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Original post made
on Dec 12, 2007
This idea has been around for a while, as this 2003 article from an Australian paper demonstates:
Mr Kushida believes that changes in electromagnetic radio waves are a harbinger of quakes, a discovery he happened upon after the last disastrous one to hit Japan, when more than 6400 people were killed in Kobe in 1995.
The question about "what to do" if you knew that there might be an earthquake tomorrow (or the next day, or the day after that) still needs to be answered.
There are so many things one could do if you knew an earthquake would happen in several hours or days, albeit it's seemingly small things. I could imagine it being like getting a "Hurricane Watch" or "Warning" in Florida.
1) Fire departments could keep their bay doors open so as to prevent the doors jamming in an earthquake.
2) Residents of places with elevators could be advised to take the stairs to avoid being trapped in an elevator if the shaking happens.
3) People can go around their houses to ensure that their rooms have been secured and heavy objects removed from shelves.
4) PANDA and other disaster groups could start preparing staging areas and emergency contact lists.
5) KZSU and other important radio stations could review their backup plans.
6) Hospitals could evacuate "high risk" areas that are not seismically safe
And the list goes on! Having said that, even a few seconds warning might be useful to get people to "DROP, COVER AND HOLD ON".
Yes. Would the entire Bay Area evacuate to the Central Valley or Nevada for 2-3 weeks until "it hits"? Nervously stick around for those 2-3 weeks and drive all the way around the Bay to avoid bridges, while staying out of multistory buildings? I imagine that this information would mostly just prolong acute anxiety.
We live in earthquake country. We live here knowing that an earthquake could strike any time, and we know we're supposed to be prepared.
I suppose if we could really pinpoint it to 2-3 hours beforehand, we could close the bridges and tunnels, which might save some lives.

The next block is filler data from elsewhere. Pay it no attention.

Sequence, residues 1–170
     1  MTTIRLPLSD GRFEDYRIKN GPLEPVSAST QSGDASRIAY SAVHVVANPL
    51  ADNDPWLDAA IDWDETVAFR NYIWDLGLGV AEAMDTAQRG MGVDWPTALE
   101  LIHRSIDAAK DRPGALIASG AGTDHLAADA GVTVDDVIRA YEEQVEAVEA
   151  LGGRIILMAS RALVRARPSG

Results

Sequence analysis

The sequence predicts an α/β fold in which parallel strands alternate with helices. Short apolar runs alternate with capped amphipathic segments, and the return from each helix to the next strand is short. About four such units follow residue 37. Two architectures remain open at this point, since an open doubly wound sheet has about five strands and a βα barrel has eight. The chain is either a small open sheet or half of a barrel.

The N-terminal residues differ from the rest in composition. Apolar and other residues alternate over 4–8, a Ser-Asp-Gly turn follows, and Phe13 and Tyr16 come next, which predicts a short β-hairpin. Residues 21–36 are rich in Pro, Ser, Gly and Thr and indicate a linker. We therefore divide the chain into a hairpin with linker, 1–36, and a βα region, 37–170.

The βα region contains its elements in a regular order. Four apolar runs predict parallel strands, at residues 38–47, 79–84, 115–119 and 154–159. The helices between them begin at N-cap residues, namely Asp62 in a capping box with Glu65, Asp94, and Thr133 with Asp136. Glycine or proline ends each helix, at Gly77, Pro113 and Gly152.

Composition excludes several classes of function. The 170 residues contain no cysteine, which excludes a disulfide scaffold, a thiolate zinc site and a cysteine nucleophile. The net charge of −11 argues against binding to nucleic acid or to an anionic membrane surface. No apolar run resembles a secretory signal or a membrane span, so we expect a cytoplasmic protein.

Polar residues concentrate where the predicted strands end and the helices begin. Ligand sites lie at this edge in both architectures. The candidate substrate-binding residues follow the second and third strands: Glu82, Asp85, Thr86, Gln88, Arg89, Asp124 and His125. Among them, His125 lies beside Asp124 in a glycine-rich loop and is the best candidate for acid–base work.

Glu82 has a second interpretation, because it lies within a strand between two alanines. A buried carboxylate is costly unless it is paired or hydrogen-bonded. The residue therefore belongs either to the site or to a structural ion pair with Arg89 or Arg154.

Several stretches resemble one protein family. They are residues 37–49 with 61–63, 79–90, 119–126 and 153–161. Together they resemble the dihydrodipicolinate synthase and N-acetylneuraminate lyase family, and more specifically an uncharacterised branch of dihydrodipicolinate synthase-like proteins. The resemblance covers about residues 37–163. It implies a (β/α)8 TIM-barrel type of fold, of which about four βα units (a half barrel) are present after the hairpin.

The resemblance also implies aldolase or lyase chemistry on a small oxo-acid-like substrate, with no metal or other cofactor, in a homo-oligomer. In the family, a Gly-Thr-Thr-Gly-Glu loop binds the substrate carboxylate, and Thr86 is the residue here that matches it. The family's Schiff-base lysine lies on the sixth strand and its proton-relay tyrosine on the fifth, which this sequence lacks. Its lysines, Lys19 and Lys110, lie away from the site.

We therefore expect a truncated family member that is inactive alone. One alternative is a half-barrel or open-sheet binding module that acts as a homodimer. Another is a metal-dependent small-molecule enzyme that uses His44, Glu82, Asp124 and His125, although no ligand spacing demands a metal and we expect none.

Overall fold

And the list goes on!
Well, people who live in Hurricane country have warnings in terms of days and all too frequently don't do nearly enough (depending on where they live). Earthquakes generally are generally short (20 seconds to 60 seconds) and don't do much damage.
Dogs and cats seem to be sensitive to the "rumblers" and frequently run away from home. A local geologist has made a name for himself reading the missing animal ads in the local papers and predicting pending quakes with fairly good accuracy. Still, few people seem to take notice.
> I suppose if we could really pinpoint it to 2-3 hours
> beforehand, we could close the bridges and tunnels,
> which might save some lives.
The problem, of course, is that this sort of quake "predictor" will not likely have the kinds of time granularity that a tornado or an hurricane provides. Given the immense mass involved seismic events, it is very unlikely that 2-3 hour resolution on the time line would be possible.
So, people might know that sometime in the next few days a quake of some magnitude might occur. Can a large regional area really afford to shut down all of its transit (including Mass Transit) for the periods where these vague predictions would be in effect? Probably not.
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